While not a Supreme Court decision, there was another case decided this week that was a huge win for the privacy rights of those using cell phones. And who isn’t using a cell phone these days? You can get a good summary of the decision at this CBC site.
Essentially, the case arose when the police (in Peel, Ontario) asked Rogers and Telus to produce cell phone records of every customer whose signal bounced off a certain communications tower. The police were investigating a series of jewelry store robberies, and they believed that they would obtain information relevant to their investigation if they obtained the information from the telcos.
The issue, however, was that to comply with the police request, the two telcos would have had to produce information on more than 40,000 customers. Obviously, not everyone who used that particular tower at that particular time was involved in the crime. Essentially, the information of more than 40,000 innocent people would have been handed to the police.
The judge from the Ontario Superior Court ruled that the police request was too broad and violated the Charter's right to privacy.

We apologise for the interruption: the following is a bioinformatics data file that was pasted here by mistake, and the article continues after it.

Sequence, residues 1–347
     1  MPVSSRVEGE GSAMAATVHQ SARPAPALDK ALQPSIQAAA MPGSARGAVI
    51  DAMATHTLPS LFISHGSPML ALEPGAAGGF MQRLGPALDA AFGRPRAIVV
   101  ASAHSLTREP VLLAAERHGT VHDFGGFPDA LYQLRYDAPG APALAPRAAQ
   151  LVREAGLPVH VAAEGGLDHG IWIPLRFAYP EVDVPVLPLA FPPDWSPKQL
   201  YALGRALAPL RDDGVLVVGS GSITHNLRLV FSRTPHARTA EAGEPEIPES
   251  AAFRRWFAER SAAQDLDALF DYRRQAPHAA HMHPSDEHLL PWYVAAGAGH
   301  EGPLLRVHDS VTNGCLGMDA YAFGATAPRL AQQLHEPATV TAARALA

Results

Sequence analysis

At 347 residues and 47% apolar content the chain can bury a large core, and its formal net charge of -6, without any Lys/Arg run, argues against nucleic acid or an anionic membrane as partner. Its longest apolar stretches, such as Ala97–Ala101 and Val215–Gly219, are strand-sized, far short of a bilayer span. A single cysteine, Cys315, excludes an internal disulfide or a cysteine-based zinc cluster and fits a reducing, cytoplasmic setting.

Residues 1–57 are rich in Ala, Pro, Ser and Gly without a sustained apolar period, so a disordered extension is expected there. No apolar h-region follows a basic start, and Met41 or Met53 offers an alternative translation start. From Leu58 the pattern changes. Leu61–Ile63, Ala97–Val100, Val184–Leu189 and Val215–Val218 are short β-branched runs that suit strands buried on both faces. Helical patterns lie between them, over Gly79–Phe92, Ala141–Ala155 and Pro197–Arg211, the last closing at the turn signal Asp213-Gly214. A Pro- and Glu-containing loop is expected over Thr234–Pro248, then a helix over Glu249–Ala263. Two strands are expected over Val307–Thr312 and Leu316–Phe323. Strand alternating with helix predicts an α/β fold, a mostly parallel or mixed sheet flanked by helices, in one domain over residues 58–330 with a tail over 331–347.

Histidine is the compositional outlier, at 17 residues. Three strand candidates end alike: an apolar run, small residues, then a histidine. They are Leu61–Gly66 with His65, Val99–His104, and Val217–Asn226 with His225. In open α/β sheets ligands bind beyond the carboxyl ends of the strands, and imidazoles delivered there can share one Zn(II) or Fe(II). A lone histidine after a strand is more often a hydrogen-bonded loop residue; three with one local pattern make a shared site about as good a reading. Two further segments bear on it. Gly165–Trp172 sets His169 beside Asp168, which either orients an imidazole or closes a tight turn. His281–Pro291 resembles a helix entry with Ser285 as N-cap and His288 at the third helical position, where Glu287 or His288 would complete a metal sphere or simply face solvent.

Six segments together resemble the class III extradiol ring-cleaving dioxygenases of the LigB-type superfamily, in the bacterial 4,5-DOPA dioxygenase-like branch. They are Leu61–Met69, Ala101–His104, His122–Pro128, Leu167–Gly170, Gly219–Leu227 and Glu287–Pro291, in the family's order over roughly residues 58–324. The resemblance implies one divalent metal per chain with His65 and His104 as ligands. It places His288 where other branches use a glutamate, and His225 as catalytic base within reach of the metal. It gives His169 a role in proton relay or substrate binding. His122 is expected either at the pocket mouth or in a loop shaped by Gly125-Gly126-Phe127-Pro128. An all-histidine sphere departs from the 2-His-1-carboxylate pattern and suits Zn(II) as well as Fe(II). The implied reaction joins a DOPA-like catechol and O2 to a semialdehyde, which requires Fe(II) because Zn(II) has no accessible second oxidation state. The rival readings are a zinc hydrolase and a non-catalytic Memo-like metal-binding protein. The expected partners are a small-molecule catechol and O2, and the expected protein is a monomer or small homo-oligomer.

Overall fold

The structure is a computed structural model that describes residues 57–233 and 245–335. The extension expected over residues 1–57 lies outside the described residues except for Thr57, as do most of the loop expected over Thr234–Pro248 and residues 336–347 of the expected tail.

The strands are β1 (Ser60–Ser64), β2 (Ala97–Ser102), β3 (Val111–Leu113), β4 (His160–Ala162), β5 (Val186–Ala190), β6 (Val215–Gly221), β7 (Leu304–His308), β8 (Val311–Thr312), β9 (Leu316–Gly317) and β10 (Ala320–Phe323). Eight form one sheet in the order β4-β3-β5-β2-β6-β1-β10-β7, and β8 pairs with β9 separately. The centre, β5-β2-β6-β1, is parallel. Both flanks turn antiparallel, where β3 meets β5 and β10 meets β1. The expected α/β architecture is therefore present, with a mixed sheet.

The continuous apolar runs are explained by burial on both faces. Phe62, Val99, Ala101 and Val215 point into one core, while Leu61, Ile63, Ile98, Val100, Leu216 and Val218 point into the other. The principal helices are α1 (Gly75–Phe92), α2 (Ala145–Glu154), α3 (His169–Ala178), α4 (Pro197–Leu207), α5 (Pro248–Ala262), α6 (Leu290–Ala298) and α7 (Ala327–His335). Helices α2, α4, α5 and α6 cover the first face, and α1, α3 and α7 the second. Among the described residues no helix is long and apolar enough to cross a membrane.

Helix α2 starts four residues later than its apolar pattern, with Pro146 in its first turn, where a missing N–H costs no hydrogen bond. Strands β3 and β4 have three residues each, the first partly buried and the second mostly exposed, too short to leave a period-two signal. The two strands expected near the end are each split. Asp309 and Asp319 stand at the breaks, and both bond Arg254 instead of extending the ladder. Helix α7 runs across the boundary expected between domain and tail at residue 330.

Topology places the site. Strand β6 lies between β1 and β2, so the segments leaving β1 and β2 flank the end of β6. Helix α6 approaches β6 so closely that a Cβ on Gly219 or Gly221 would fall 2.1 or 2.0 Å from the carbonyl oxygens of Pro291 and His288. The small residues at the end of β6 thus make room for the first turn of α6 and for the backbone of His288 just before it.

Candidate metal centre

Apart from upholding the idea that cell phone users have a right to privacy even though some of their call-related information is in the hands of the telcos, the case is significant in that it was Rogers and Telus that took up the privacy battle. The police tried to argue that these companies didn’t have standing to bring the Charter challenge, arguing that it had to be a customer (or customers), instead. However, the court rejected this notion and said that it made sense for Rogers and Telus to be the advocates responsible for upholding their customer’s rights.
I know that Rogers and Telus are often thought of as the big corporate bad guys that face a myriad of complaints lodged with the privacy commissioner. This is one time, however, I am grateful that they used their extensive resources to fight a worthy battle on behalf of all Canadians.
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